Karl Bartos  ‘Off The Record’ (Bureau B)

Former Kraftwerk linchpin creates beauty from his own back catalogue

Warmth. There’s a word you might not expect to open a review of the first album in a decade from Karl Bartos, a member of Kraftwerk in their oft-referred to “golden age”.

It’s the word that rattled around my brain as I first listened to ‘Off The Record’, a meticulously curated, elegantly crafted collection of tracks pulled together from a personal audio diary of musical sketches, demos, notes and other, sometimes barely decipherable ideas. They date from 1977 to the present day and have been reworked, expanded upon or recombined to create something that feels less like a retrospective and more the collected thoughts of the artist. They bristle with humour, melancholy, joy, exuberance, regret, wistfulness and, yes, warmth. ‘Off The Record’ is a tender recollection of what made electronic music so beautiful in the first place. If you ever felt your heartstrings tugged by ‘Neon Lights’ or your body involuntarily spasm to ‘The Model’, you need to hear this album.

Hutter and Schneider’s Kraftwerk may have been a cool, calculated experiment in electronic music, but ‘Off The Record’ offers a fascinating glimpse of Bartos’s contribution to the group’s influential synthpop sound. It’s said that Bartos introduced the funk element into Kraftwerk’s rhythms, spawning ‘Planet Rock’ and a thousand imitators, but this is to almost dismiss his clear strengths in penning soaring melodies and wry lyrics, wrapped lovingly in simple, clear arrangements. If Kraftwerk truly were the robots, then Bartos is more like Sonny, the cybernetic protagonist from the movie ‘I, Robot’: a thinking, feeling, living, breathing man-machine.

The album opens with ‘Atomium’, a bombastic aural portrait of the iconic structure at the centre of the 1958 Brussels World Fair. With its epic stabs of synth, it comes dangerously close to echoing the soundtrack to some imaginary 80s TV show about a maverick cop who doesn’t play by the book. It’s packed with exhilarating pomp, yet of all these tracks it seems to be the one most conspicuously kowtowing to a trademark Kraftwerk sound. ‘Nachtfahrt’, on the other hand, is deft synthpop with such a lightness of touch that, had it been delivered by a present-day Depeche Mode, Human League or Pet Shop Boys, it would have been hailed as a magnificent return to form.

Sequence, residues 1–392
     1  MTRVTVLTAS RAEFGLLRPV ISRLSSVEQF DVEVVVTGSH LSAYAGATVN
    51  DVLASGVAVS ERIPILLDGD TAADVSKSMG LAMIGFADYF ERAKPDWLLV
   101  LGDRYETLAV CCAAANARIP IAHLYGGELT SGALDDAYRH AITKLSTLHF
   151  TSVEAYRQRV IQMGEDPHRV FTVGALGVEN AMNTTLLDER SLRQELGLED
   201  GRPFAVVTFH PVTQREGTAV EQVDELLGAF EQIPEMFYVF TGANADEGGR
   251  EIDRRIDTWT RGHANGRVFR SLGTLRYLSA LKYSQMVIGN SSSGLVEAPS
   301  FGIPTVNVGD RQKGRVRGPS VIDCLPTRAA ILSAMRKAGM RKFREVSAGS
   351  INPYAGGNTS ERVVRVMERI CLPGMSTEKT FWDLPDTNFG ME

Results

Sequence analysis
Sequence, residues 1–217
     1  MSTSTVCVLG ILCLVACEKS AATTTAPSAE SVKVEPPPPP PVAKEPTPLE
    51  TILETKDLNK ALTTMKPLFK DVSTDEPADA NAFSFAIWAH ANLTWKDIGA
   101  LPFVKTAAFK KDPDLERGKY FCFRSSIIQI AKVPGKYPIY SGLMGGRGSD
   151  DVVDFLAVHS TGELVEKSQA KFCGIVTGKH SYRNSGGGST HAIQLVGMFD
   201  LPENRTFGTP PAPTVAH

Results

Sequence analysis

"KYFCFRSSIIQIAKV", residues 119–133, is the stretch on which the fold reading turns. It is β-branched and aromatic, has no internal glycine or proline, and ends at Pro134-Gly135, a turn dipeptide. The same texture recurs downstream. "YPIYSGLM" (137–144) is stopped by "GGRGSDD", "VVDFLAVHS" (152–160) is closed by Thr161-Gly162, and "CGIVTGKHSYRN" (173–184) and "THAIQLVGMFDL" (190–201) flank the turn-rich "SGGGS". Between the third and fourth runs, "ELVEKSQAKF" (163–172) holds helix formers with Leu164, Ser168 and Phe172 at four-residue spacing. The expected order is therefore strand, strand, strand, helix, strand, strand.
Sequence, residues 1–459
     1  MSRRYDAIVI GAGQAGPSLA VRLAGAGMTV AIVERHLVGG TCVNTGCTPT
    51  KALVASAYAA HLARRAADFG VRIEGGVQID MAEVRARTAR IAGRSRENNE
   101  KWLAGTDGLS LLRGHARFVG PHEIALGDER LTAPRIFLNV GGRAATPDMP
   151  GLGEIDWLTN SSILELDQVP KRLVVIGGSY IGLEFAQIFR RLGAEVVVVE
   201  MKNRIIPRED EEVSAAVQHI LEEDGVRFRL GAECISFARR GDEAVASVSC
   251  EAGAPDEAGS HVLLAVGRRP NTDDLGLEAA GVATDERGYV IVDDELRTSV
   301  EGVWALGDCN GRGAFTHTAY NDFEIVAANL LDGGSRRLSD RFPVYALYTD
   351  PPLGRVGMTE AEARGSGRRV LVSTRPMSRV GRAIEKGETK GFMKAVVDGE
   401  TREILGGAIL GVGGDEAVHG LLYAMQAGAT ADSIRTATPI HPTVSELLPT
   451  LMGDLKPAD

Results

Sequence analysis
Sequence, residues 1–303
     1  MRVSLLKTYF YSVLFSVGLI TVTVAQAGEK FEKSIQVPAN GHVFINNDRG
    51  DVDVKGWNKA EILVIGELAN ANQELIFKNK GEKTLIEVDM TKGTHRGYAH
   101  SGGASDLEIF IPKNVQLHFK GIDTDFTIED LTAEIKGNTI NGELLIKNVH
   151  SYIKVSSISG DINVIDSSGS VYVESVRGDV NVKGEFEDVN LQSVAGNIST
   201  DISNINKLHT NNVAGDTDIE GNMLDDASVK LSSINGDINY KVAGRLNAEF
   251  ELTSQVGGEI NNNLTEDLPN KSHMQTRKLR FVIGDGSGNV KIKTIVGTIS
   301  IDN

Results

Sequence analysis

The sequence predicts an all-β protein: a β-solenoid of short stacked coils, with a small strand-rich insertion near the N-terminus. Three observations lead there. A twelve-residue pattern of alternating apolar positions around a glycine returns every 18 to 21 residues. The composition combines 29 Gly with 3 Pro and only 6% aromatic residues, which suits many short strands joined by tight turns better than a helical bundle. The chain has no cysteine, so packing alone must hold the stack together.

As the album progresses, each track plays out as a diary entry, a snapshot in musical time. 

‘Without A Trace Of Emotion’ laments that, in the eyes of many, Bartos will always be Herr Karl, dressed in his showroom dummy guise. ‘Vox Humana’ pays homage to his enduring love for early “boom-tish” drum machines, as well as charting his fascination with the human voice as an instrument itself. In ‘Rhythmus’, we find the origins of Kraftwerk’s seminal ‘Numbers’ and the beat that changed the world.

Elsewhere, the plaintive ‘International Velvet’ pays tribute to the eponymous model who was one of Andy Warhol’s coterie of friends in the 1960s. The melody dates from 1981 and recalls, in its breathy, repetitive flute riff, surely by accident rather than by design, the roots of Kraftwerk as Ralf and Florian. The rhythms and motifs on ‘Musica Ex Machina’, meanwhile, inspired by Led Zeppelin’s legendary drum-walloper John Bonham (as unlikely as it sounds), originally made an appearance within Bartos’s early 90s collaboration with Bernard Sumner and Johnny Marr on their Electronic project. It’s conclusive proof that Kraftwerk’s sound was as integral to the DNA of the fledgling New Order as horsemeat is to a bargain beefburger.

Then, rather wonderfully, ‘The Tuning Of The World’ begins with Bartos recounting a meeting in 2011 with electronic performance artist Laurie Anderson. It likens the moments when great music and art intertwine to a religious experience: “I connect to the sound inside my mind / Closer I can’t get to the divine”. He subsequently segues into lyrics that could have come straight out of the Martin Gore songbook – “I wish I could believe in God / Life would be just safe and sound / I‘d build my house on solid ground” – and you can almost hear an audible sigh as he concedes a preference for fact over the unquestioning tenets of faith. 

‘Off The Record’ is an audio account of Bartos’s personal musical history – from self-confessed “electro-twiddler” to much-admired elder statesman of the genre – and as such is an inspirational journal, about a journey that you hope is far from over.

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